British scientists Matthew Masen and Pierre Mitchell have released information showing that crucifixions in Christ’s era did not only take place in the classical way known to us through icons. The burial site of a young man sentenced to death on the cross, which has recently been discovered in Israel, shows that the Romans probably had many intricate methods of crucifying condemned people. Whereas Jesus’ legs, as is the accepted theory in Christian tradition, were in front of the cross, the calves of Ehonanan Ben Hagkol (that was the name of the executed man whose grave was discovered by scientists), were positioned to the sides of a vertical tree-trunk. Nails had been hammered into his ankles, yet no wounds were discovered on the hands of this convicted prisoner, France-Presse news agency reports.
By all appearances these were not the only variants employed at that time to execute criminals on the cross. It is known, for example, that the actual shape of the cross could change: as well as the well-known oblique cross of St. Andrew there were also T-shaped columns with a crossbeam. Moreover, contrary to usual thinking, nails were by no means the compulsory attribute of these executions: convicts were often just tied to the cross with ropes.
We should note that the secret behind Christ’s crucifixion truly excites academics. Yet this does not just apply to theologians, as should be expected by their status, but also entirely secular researchers like historians and biologists. The fact apparently is that crucifixion on a cross or column, which was so popular in the penitentiary system of Roman times, went out of fashion in the first few centuries after the death of Christ. They stopped executing criminals in the same way that the Son of God was, and hanging, along with other even more refined methods of executing condemned convicts, came to replace the cross.
It is very difficult for a modern-day person to imagine what crucified criminals actually died from, because on the face of things simply tying someone to a trunk does not seem like a fatal form of torture. It is easy to imagine why a person dies from being shot in the back of the head or from being beheaded. Historical specialists have published special research with the help of anatomists and physiologists which explains how being suspended on a cross for a long period of time led to a person’s death. A crucified person could die simply from thirst, or could suffocate, as it is thought that it would have been hard for a person hanging by their hands to breathe. They could also have died from loss of blood or even from a blockage in their arteries (all these versions were expounded by various researchers). The only thing that all scientists agree on is that crucifixion was an exceptionally painful way for condemned people to die, as they could die slowly over several days.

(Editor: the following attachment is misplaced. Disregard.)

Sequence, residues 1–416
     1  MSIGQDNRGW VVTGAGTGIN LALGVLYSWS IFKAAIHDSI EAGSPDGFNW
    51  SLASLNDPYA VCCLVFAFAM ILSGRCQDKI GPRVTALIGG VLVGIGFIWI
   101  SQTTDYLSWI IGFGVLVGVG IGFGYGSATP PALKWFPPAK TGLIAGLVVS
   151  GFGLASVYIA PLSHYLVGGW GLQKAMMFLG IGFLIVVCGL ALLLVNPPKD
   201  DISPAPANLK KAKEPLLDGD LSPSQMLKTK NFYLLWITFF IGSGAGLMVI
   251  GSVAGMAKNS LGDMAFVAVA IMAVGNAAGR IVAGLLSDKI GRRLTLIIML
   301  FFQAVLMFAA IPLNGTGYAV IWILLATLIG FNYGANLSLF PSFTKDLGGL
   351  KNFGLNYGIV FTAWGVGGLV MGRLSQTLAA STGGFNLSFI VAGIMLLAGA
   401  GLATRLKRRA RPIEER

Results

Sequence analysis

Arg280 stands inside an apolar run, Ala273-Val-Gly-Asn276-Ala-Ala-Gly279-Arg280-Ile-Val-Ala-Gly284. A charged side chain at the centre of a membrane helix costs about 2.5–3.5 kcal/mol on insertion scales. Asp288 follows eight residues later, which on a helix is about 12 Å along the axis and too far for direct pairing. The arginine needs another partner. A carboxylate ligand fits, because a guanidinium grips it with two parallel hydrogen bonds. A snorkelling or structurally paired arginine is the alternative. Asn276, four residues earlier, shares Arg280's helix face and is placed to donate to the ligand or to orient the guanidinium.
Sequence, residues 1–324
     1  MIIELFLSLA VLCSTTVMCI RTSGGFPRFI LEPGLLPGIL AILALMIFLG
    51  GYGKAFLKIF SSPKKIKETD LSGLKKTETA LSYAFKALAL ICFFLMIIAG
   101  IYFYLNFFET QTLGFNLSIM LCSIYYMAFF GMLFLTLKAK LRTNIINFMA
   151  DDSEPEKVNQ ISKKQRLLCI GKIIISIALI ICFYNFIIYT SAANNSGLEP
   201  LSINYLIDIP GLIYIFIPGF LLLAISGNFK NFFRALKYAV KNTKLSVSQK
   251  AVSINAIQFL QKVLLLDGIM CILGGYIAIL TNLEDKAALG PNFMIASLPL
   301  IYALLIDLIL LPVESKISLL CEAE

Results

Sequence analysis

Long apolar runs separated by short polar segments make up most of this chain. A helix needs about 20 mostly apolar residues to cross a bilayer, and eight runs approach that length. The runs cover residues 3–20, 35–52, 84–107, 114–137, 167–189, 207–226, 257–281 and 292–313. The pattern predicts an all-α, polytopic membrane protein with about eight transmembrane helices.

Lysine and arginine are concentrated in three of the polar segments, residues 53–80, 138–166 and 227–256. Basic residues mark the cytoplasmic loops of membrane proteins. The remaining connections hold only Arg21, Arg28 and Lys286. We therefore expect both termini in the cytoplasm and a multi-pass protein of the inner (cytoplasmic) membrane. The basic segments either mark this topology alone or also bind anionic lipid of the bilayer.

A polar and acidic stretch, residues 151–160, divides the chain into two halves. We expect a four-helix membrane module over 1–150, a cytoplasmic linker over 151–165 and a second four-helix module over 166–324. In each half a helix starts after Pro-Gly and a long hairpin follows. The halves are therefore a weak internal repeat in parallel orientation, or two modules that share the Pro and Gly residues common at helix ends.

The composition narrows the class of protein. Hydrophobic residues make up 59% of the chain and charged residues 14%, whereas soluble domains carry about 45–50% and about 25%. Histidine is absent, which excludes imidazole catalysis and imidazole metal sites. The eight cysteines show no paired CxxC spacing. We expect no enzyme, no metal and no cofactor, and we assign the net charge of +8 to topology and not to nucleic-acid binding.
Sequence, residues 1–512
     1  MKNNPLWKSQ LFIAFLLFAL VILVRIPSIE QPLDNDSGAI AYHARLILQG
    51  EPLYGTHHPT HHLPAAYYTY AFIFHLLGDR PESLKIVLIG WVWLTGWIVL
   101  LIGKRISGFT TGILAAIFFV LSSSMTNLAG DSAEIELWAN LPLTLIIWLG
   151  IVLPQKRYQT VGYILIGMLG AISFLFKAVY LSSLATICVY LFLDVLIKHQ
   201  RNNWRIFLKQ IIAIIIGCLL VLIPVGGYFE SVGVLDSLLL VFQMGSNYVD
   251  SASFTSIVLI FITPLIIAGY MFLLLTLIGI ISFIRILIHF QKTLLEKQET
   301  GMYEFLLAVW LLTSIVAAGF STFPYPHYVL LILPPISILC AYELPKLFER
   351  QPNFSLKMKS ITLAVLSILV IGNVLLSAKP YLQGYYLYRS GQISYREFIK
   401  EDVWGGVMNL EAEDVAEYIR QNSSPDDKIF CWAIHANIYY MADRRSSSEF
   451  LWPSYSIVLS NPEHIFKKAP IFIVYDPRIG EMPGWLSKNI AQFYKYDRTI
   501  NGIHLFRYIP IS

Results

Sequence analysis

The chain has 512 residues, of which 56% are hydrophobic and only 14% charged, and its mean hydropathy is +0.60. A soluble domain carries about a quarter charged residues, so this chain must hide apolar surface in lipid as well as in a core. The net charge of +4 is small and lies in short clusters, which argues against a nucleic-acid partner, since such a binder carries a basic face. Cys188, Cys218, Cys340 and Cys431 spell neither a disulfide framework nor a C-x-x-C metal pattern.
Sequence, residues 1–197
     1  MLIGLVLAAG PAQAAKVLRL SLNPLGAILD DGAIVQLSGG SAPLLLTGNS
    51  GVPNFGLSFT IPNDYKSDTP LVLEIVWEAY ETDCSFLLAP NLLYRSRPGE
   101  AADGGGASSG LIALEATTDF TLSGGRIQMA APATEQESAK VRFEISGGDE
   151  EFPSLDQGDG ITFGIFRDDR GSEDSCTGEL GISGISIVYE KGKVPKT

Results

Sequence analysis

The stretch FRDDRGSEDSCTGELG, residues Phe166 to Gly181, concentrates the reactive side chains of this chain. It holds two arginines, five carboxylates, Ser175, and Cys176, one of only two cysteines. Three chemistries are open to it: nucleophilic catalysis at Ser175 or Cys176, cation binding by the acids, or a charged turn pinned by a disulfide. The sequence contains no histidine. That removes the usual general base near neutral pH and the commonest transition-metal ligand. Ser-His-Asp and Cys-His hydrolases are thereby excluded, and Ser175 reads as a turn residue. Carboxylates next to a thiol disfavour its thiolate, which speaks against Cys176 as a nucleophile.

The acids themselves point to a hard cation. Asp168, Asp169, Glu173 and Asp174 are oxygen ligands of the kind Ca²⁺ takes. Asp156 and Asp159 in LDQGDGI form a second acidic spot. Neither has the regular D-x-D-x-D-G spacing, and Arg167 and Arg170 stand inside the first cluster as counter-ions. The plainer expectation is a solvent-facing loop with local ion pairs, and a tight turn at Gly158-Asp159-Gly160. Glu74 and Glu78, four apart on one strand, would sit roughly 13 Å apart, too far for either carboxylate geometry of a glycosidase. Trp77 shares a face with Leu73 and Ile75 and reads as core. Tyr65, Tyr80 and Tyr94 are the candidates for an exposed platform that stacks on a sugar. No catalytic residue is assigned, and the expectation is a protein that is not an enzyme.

It is also very curious that crucifixion seems to have only been used as a means of execution in a very limited area and for a very short period in the history of mankind. The slow death of a criminal on the cross was a specifically Roman invention, other civilizations thought up their own ways of legally murdering their citizens. Sometimes the technology involved was very simple, other times it required immense skill, such as impalement, which through the necessary dexterity of the executioner could prolong the torment of the convict for several hours or even days. We can only thank fate that the only way for us to find out about most of these methods now is from historical studies.
Translated by James Platt